USC Right to Give Kevin O’Neill More Time


After athletic director Pat Haden suspended men’s basketball coach Kevin O’Neill following an altercation with an Arizona booster, speculation swirled that the second year coach would be fired. Despite the rumors, Haden reinstated O’Neill for the NCAA Tournament and then announced the fiery coach would be returning for next season. The punishment Haden levied on O’Neill was certainly questionable; however, his decision to let O’Neill have another year is the right one.

When O’Neill took the USC job, it was a very unattractive position. The NCAA investigation was nearing a close, and there was a cloud hanging over the program. On top of that, all of Tim Floyd’s recruits had decided to leave and the new coach would be left without a recruiting class. As a result, there would be an incredible lack of depth. In O’Neill’s first two seasons, USC has gone 16-14 and 19-15. Additionally, the Trojans improved in conference from year 1 (8-10, 5th place) to year 2 (10-8, t-4th). USC has gotten better from year 1 to year 2, and there is a potential to be in the upper tier of the conference with Maurice Jones, Jio Fontan, Nikola Vucevic, transfers Aaron Fuller and Dewayne Dedmon, and recruit Byron Wesley. With that roster, it is only fair to give O’Neill the chance to win in his third year when he didn’t inherit much in the beginning.

There is a sizeable contingent of USC fans that aren’t thrilled with O’Neill. Admittedly, his teams have been somewhat inconsistent. They can hang with anybody in the country (see: Kansas in Lawrence), but they can also lose to anybody (see: Bradley, Rider, TCU, Oregon State). USC has played sub-.500 on the road and zone defenses have been the bane of the Trojans existence.

Regardless of the shortcomings, O’Neill has succeeded in the most relevant category at USC: NCAA tournament appearances. In 2009-2010, USC was surging with transfer Mike Gerrity stepping in. The Trojans had built momentum early in league play, but then former athletic director Mike Garrett announced a one-year self-imposed postseason ban on the basketball program. Rather than complain about the difficult situation he had no part in creating, O’Neill took it in stride and continued coaching the Trojans to a hard fought end. In his second year, O’Neill finally had a recruiting class, and he brought in some quality players. USC got off to a rough start, but the Trojans saw there name in the bracket on selection Sunday. Yes, USC turned in a poor performance in the tournament, but the fact that O’Neill was able to steer the team there just one year after a postseason ban is quite impressive. The Trojans have only been to two Final Fours in school history and were just 11-17 in tournament play entering the 2010-2011 season. To measure success is to count NCAA Tournament appearances, and O’Neill reached the benchmark in the first year it was possible. Would it be wise to turn in a better performance next year in the tournament? Yes. But the success he has had so far warrants giving him more time to see if he can improve.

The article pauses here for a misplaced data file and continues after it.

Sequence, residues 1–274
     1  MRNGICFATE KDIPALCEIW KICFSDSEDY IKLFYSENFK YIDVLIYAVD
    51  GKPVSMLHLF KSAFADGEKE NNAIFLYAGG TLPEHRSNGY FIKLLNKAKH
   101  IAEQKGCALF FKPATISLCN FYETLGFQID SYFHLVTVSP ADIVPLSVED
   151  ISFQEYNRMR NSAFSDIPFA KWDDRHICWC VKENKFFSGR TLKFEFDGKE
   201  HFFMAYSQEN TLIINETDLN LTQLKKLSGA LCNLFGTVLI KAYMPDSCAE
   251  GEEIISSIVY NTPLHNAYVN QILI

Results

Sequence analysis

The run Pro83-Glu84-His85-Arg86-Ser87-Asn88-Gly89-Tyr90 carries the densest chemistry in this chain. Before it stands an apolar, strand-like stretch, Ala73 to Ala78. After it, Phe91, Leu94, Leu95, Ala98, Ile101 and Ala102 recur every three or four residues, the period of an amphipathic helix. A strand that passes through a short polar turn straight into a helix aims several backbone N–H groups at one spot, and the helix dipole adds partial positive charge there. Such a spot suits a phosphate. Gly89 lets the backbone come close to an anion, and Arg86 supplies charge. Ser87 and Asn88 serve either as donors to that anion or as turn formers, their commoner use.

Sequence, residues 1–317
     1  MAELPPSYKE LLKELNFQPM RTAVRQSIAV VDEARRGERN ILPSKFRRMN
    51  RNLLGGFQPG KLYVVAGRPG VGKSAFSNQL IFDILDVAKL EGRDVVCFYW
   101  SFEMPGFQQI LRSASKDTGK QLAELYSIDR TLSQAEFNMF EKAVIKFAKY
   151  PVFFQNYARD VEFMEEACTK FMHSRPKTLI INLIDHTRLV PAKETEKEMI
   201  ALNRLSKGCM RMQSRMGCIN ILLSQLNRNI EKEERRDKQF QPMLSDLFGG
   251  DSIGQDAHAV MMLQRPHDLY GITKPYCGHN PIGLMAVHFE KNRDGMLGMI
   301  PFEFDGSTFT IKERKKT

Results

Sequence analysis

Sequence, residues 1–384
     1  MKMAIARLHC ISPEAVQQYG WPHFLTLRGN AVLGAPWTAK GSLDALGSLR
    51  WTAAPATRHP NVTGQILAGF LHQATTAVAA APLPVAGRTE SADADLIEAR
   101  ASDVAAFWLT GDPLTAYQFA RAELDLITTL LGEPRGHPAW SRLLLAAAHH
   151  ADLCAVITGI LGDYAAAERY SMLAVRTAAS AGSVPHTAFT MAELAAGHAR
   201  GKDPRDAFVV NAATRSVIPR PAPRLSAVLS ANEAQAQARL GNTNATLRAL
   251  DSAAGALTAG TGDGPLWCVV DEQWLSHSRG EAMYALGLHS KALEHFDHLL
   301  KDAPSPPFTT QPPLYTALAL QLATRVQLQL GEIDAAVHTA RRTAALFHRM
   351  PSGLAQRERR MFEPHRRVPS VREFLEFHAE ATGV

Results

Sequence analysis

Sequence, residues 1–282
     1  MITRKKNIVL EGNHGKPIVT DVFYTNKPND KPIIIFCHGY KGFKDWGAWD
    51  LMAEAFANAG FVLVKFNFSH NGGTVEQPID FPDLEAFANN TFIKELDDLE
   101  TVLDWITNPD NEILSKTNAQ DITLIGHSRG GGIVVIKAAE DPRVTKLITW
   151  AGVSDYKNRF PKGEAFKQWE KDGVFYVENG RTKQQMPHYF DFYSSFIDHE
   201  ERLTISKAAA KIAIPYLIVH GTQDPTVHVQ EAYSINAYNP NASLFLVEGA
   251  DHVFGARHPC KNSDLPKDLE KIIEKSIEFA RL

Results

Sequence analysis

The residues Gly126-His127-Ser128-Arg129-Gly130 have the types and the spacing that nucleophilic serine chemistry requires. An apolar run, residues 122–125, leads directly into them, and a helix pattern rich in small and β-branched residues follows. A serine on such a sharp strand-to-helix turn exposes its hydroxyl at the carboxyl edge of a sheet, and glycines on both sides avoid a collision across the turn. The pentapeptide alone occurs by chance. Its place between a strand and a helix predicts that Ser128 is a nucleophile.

When considering USC, it is important to keep it in perspective. The USC job is not one of the top ones in college basketball. Neither the tradition nor the passion are quite there. The Galen Center rarely fills up to at least 75%, and the Trojans recorded just one sellout in 2010-2011. Granted, recruiting shouldn’t be overwhelming given the location and the conference, but there are certainly much more attractive jobs out there. Some people have advocated for a change on the bench, but there just aren’t any names out there that are viable that surpass Kevin O’Neill.

Jamie Dixon at Pitt? Not a chance. Dixon gets to coach in a premiere conference at a school where basketball is big.

Bruce Pearl? He got fired for lying to the NCAA. Pat Haden, who suspended Kevin O’Neill for an altercation that was within the law and NCAA rules, would not want to touch the radioactive material that is Pearl.

Only one name seems plausible. Randy Bennett of Saint Mary’s. Bennett, who coaches in the WCC, seems fed up with coaching in a mid-major conference after getting snubbed by the selection committee two of the last three years and would likely leave Moraga for the right offer. However, there are plenty of examples of mid-major coaches who flame out when they step on to power-conference programs. Bennett may be a good coach, but there aren’t a ton of people clamoring for him and it would be wise to stick with what you know and continuity and O’Neill than make a switch with serious risk.

Year 3 will be an important one for O’Neill. He needs to guide USC back to the tournament if he hopes to keep his job. Athletic director Pat Haden didn’t hire him, and the man in charge may want to install his own guy soon. However, Haden won’t be able to if O’Neill builds on his success from year 2. Whether next season turns out to be a bust or not, Haden made the right move in letting the ship continue on its course. As of right now, it appears headed in the right direction.